It's been proven time and time again that factors such as diet and exercise can have a marked impact on mental health, often helping to reduce anxiety and depression. There's also a subsection of people, however, who continue to experience anxiety and depression, regardless of treatment attempts.
A group of Poland researchers, headed by Małgorzata Urban-Kowalczyk, recently conducted a study which attempted to identify hidden underlying causes of anxiety symptoms, and examined whether these symptoms could be cured by particular changes in diet. Specifically, the researchers studied the effects of a gluten-free diet on individuals suffering from anxiety, and the results were both surprising and promising.
Celiac Disease as a Possible Cause of Anxiety and Depression
Celiac disease (CD), known more widely as gluten intolerance, affects about one percent of the general population. The symptoms of gluten intolerance tend to be physical: diarrhea, dyspepsia, indigestion, and anemia. However, there are also what's known as “nonclassic" sufferers of celiac disease, who experience symptoms such as brain atrophy, epilepsy, depression, and anxiety. The only known treatment for those suffering from celiac disease is a lifelong switch to a gluten-free diet. Malgorzata's group of researchers tried to identify whether switching to a CD diet could alleviate anxiety and depression symptoms in patients for whom traditional treatments have no effect.
Untreatable Anxiety Symptoms in Patients
The team of researchers thoroughly examined the medical history of a 39-year-old woman who had been suffering from depression and anxiety for several years prior to the study. The woman reported no serious physical ailments other than microcytic anemia, and notably had not been diagnosed with celiac disease because she did not display any of the typical symptoms. The patient had been going through treatment for her anxiety and depression for years, undergoing a variety of medications and referrals to therapy which culminated in admission to a psychiatric ward. However, none of the treatments alleviated the patients' anxiety and depression symptoms, and she reported declining mental health in the months leading up to the study.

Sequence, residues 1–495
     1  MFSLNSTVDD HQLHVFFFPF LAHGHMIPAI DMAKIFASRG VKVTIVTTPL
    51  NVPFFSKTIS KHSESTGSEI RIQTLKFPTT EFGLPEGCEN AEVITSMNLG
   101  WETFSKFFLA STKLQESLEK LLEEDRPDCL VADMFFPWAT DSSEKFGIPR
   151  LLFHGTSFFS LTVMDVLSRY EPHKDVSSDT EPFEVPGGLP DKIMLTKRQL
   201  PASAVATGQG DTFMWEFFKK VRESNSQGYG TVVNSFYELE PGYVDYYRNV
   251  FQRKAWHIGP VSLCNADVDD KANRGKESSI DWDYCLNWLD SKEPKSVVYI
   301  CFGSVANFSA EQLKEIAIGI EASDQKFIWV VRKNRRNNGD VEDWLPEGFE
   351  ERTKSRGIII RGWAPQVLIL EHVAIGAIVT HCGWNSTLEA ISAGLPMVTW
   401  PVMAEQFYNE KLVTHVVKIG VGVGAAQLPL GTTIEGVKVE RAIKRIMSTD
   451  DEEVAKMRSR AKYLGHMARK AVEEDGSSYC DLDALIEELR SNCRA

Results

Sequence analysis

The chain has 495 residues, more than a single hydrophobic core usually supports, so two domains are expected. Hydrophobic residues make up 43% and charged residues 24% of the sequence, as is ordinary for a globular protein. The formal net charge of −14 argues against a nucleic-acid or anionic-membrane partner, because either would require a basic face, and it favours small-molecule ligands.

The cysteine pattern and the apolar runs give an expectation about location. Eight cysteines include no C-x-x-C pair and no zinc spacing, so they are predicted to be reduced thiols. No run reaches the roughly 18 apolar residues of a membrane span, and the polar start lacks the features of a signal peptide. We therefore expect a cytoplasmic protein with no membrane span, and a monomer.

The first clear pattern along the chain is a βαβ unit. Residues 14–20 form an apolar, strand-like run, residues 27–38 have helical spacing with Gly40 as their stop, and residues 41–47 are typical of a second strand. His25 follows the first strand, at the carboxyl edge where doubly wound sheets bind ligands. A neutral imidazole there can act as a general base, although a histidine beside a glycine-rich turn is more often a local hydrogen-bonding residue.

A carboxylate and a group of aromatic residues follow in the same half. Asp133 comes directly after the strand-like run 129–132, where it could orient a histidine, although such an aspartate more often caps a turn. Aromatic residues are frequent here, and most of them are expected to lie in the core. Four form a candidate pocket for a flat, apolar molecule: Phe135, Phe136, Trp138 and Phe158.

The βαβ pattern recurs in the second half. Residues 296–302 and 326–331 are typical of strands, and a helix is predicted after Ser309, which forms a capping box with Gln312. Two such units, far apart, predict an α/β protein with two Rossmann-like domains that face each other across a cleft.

Implementing a Gluten-Free Diet in Patients with Depression and Anxiety
Upon the initialization of the study, the patient was screened for and consequently diagnosed with celiac disease. Both a gluten-free diet and iron supplements were implemented, a typical course of action for CD patients. The blood counts, mental state, and mental activity of the patient were recorded at two points—directly after the CD diagnosis and three months after the diagnosis and subsequent CD treatment.
Researchers found that not only did the patient's blood counts stabilize with treatment, but that her mental state and activity normalized after three months of a gluten-free diet. The previously untreatable anxiety and depression symptoms disappeared, and the patient reported normal day-to-day functioning and interpersonal relationships, indicative of a stable mental state she had not been able to achieve with prior anxiety and depression treatments.
What Can a Gluten-Free Diet do for Mental Health?
Though this study focused on the mental health and treatment of only one woman, the overwhelmingly positive results suggest that gluten intolerance is an often overlooked contributor to anxiety and depression symptoms. The head author of the study pointed out that gluten allergies can occur in patients of any age, and that the symptoms of CD are often widely varied, leading to underdiagnoses of the disease. Malgorzata wonders if undiagnosed CD may be a possible cause of otherwise untreatable anxiety and depression.
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Medical University of Łódź, Łódź, Poland
Małgorzata Urban-Kowalczyk, Janusz Œmigielski, and Agnieszka Gmitrowicz. Neuropsychiatric symptoms and celiac disease. National Center for Biotechnology Information, October 2014; DOI: 10.2147/NDT.S69039
Date of original publication: November 07, 2014